Hey folks, it’s finally autumn around here! The leaves are changing, pumpkins and mums can be seen everywhere, and we’re just days away from Halloween. I can hardly imagine what has happened to summer and early fall. Time has simply flown by so very quickly.
Have you ever noticed that when things are going well, time flies? This seems to be true right now. And looking ahead at the calendar, it feels as though it should be January already. My life is so very scheduled right now, it’s not funny. But the fact that I’m able to be so involved and active is a very good thing.
One year ago, I was not able to schedule much of anything. I was sick, sick, sick with bronchitis which wouldn’t give up. I was still greatly depressed and feeling the effects of a humongous MS relapse during the summer, accompanied by a cumulative total of 8500mg of steroids. And, I was 50 pounds heavier then I am right now.
2009 was not going so well until I took charge of at least one aspect of my health and approached my rheumatologist about trying a different RA medication (Rituxan). I had done my research and knew that it is effective in RA and has also been studied as a potential treatment for multiple sclerosis. My neurologist was excited about this possibility.
In October 2009, I quit my injectable MS medicine and stopped taking sulfasalazine. I continued with methotrexate and in November 2009, I had my very first Rituxan infusion. A positive effect on my RA was apparent within days and the benefit grew with the second infusion. My fatigue levels have improved so much over the past year that I haven’t needed medication to create artificial alertness. I had my second full round of infusions in May/June of this year.
My hands are ‘almost’ my old hands again. They still get stiff on occasion and slightly swollen at random times. I don’t think that they’ll ever be exactly as they were back in college when I was practicing the piano for 6-8 hours/day, but at least they feel good most of the time right now.
Recently I just celebrated the "five-year anniversary" of my MS diagnosis. Sounds like a silly thing to celebrate, but after years of strange symptoms (and having already gone temporarily blind in one eye previously) I was thankful to get the diagnosis and move forward with treatment. This is exactly what we did.
Just one year after my MS diagnosis, the ball started rolling for my RA diagnosis. After years of subtle early symptoms and negative blood tests, more obvious and painful symptoms began to emerge. Things were becoming more serious than a tentative diagnosis of tendonitis.
One time my left shoulder became swollen so much that I couldn’t lift my arm to the side or overhead. The doctor and I were perplexed (and in response to one of her questions during the exam - no, I had not been abused!!) and she said it was most likely bursitis.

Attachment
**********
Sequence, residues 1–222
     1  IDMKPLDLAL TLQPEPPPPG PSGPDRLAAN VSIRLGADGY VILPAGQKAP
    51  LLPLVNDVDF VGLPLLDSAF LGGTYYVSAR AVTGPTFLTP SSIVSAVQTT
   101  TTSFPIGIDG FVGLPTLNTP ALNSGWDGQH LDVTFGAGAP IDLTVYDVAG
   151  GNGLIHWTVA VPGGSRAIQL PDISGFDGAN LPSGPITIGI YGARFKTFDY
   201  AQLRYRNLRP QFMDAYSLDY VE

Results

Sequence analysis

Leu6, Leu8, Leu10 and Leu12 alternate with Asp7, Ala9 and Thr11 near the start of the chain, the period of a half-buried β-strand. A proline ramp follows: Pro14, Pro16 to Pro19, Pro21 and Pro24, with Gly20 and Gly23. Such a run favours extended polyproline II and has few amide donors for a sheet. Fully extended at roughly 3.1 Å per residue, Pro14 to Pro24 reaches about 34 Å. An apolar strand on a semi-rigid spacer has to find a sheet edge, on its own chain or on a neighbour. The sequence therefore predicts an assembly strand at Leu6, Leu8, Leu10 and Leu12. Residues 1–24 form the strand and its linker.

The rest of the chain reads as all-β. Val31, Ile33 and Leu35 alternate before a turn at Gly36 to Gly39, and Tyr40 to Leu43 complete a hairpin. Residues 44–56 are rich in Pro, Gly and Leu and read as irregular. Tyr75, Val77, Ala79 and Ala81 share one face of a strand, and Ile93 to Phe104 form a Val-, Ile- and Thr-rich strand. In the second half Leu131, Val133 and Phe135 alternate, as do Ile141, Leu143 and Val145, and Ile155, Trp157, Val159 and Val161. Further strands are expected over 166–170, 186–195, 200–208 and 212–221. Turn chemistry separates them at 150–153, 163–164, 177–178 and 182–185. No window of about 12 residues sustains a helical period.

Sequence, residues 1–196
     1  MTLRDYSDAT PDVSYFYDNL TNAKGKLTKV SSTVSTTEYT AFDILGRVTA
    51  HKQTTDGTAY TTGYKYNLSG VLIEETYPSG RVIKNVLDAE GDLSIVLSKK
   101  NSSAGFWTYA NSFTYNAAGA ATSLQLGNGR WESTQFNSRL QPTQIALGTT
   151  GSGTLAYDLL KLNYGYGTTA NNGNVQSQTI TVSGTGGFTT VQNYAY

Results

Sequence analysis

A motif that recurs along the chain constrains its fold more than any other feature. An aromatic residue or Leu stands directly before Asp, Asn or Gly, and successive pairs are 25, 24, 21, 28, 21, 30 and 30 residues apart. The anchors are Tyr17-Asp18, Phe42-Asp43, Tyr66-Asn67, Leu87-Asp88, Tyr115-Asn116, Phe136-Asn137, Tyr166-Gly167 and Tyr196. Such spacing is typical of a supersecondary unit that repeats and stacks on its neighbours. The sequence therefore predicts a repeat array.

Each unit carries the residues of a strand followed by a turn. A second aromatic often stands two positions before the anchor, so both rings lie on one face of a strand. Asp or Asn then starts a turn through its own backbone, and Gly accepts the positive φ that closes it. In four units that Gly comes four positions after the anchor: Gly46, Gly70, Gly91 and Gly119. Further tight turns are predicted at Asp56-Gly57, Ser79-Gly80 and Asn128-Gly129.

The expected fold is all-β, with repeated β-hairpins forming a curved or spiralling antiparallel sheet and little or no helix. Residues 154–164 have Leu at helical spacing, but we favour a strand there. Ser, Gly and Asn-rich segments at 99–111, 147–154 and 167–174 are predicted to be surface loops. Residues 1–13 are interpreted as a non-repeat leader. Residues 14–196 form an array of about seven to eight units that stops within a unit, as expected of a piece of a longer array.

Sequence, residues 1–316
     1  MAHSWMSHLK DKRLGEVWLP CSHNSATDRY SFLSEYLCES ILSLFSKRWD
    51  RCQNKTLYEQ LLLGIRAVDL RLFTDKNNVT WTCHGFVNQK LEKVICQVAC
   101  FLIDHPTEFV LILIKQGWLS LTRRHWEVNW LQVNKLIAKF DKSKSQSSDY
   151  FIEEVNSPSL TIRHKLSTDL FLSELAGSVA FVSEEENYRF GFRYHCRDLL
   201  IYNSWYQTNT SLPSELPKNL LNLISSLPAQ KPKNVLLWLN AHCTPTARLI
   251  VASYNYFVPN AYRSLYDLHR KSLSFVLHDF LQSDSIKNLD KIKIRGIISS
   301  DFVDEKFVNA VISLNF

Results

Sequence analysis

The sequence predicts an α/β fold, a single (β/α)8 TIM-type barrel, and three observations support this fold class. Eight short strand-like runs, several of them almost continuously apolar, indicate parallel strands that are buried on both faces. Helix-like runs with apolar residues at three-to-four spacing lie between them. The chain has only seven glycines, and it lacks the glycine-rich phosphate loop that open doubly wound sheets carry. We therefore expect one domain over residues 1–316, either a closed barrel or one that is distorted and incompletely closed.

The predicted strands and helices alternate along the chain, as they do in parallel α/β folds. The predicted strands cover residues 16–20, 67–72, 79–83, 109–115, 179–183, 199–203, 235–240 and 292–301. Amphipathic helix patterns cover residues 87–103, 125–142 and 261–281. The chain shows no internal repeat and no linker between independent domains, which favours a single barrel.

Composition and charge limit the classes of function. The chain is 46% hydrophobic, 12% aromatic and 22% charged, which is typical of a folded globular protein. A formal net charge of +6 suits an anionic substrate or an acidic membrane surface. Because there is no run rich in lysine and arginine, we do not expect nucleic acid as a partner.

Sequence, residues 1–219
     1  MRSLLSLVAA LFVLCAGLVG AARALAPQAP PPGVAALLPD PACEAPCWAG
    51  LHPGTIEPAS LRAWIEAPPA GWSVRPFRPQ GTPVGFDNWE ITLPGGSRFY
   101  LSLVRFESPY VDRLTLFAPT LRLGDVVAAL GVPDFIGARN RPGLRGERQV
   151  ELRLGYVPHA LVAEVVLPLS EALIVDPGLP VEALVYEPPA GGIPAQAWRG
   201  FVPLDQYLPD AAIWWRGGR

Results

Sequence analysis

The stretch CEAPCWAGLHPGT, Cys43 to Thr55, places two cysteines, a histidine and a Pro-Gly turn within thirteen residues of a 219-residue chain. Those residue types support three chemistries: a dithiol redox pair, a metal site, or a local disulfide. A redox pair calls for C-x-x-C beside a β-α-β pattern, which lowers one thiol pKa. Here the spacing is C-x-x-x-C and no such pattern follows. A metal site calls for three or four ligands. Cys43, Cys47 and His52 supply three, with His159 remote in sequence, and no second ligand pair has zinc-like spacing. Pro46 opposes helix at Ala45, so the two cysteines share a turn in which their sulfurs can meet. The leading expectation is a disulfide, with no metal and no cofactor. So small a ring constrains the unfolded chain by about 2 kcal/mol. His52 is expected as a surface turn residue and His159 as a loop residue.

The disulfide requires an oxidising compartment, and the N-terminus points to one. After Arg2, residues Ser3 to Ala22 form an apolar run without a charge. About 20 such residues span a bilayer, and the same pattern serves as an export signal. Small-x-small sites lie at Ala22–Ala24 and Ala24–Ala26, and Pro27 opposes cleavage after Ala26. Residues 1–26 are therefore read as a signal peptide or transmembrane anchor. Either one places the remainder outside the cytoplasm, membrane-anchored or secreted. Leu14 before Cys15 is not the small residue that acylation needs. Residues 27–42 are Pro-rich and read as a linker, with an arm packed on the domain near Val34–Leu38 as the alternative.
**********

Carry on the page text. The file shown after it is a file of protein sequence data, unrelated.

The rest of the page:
A month later, I began having difficulties with my hands (again). But this time, the pain became excruciating. I was not able to play the piano accurately. It was terribly embarrassing that at a church job, I was butchering simple hymns on the last Sunday in October (2006). The last church job that I’ve taken since.
So here it was, again in the autumn, and my life was changing. By December, I was completely crippled in my hands and arms. I couldn’t open my palms, extend my fingers, nor create a fist. My hands were useless but screaming out in pain. Anytime my fingers touched ANYTHING, I winced in agony. I even dreamed of chopping my arms off.
When I think back to the fall of 2006, I shudder inside. It was truly horrific for me. Time seemed to move so very SLOWLY. Painfully slow (literally and figuratively). Those months were difficult ones. I did a lot of crying.
But… I was finally referred to a wise hand surgeon who first discussed the challenges of Carpal Tunnel Syndrome (which I had been diagnosed with instead of RA) and treatment options. Then he injected each wrist with steroids which brought down the inflammation dramatically. The pain was subsiding. He also referred me to a rheumatologist because he suspected RA instead of true Carpal Tunnel Syndrome.
Bless that hand surgeon. Just as spring was rolling in (April 2007), I was meeting with my rheumatologist for the first time. She diagnosed me immediately and we began the process of starting treatment. Over the summer, I started getting better. I also visited an occupational therapist several times to try to address the early deformities I was already experiencing in my fingers. I also learned some joint protection techniques.
By the time autumn came around again, I was in much better shape, physically and emotionally. I had also started my blog and was just beginning to discover the online patient communities in the blogosphere. I still didn’t know about HealthCentral yet and PatientsLikeMe had just opened their MS community.
This was the beginning of a new era for me. Community, support, education, laughs… all wonderful things for a patient living with a chronic disease.
Talking about patient communities with others has been taking up much of my time this fall. I plan to share more about that in a Sharepost soon. Time is flying and life is evolving. Just as seasons change, so do we.
I want to thank you for allowing me to be an active part of this community. I really appreciate it more than you may realize. :)
Lisa Emrich is a patient advocate, accomplished speaker, author of the award-winning blog Brass and Ivory: Life with MS and RA, and founder of the Carnival of MS Bloggers. Lisa uses her experience to educate patients, raise disease awareness, encourage self-advocacy, and support patient-centered research. Lisa frequently works with non-profit organizations and has brought the patient voice to health care conferences and meetings worldwide. Follow Lisa on Facebook, Twitter, and Pinterest.